You’ve spent your life asking glasses to be rocks because the idea of fragility is one that sits uncomfortably with you. Because it is your nature to bash things against walls and because you imagine that because you can handle a bashing everyone can.
None of this happened because of anything you did. In fact you are the least to blame in this quest but, in a way you also hold the highest blame.
But you don’t know this.
So you have spent a lot of your life wondering why people can’t understand that the things that, to you, seem very fundamental. You don’t understand that there is nothing wrong in being a rock but, in being a rock you break glasses.
This, of course, is information that you know. Or that you once had but have since forgotten.
One wonders if you are a rock. Or if you are a glass that has then gathered rocks around itself. One wonders if the rock that you imagine is only a reflection of the things you have chosen to see, missing the things that are unseen, and, in being unseen are unthought of.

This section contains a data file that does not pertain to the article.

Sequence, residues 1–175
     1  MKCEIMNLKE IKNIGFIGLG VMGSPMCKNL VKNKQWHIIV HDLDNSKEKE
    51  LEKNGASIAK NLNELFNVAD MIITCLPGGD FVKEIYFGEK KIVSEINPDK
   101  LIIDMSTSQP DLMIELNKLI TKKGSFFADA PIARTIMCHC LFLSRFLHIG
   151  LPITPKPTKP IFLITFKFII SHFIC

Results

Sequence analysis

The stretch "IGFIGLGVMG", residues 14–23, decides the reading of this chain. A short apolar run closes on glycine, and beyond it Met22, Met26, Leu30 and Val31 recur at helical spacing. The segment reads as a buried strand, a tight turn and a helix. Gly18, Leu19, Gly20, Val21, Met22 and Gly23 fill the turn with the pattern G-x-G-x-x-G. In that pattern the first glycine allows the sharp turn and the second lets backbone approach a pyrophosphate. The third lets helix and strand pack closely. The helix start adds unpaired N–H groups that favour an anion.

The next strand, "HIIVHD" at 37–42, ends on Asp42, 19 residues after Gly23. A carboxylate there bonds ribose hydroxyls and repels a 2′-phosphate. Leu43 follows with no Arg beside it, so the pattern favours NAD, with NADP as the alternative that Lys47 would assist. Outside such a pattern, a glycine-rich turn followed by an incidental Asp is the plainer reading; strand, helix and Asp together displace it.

This is all fine and dandy when discussed in the abstract but harder to apply because, whether illusion or not, you are a rock (or you believe so which is what really matters) and it is the nature of hurtling rocks to break glass.
But you love speed, don’t you? The rush of the wind giddy with excitement, leaving everything behind is something that you not only love but have come to desire. The moments of pause to consider any glass that may be in the way have slowly began to outweigh the value that the glass could have had and now the broken glass has began to piece itself together.
That scares you.
You’ve never been good at kintsukuroi and having hurtled for so long that you can’t imagine the sensation of standing still you imagine hurtling as a way of being, of seeing, you imagine that learning has to be a destruction.
You know this, you are trying to unlearn this. Except unlearning is a learning of its own and the only way you know how to learn is to destroy.
So you sit and wonder, “there must be a better way.”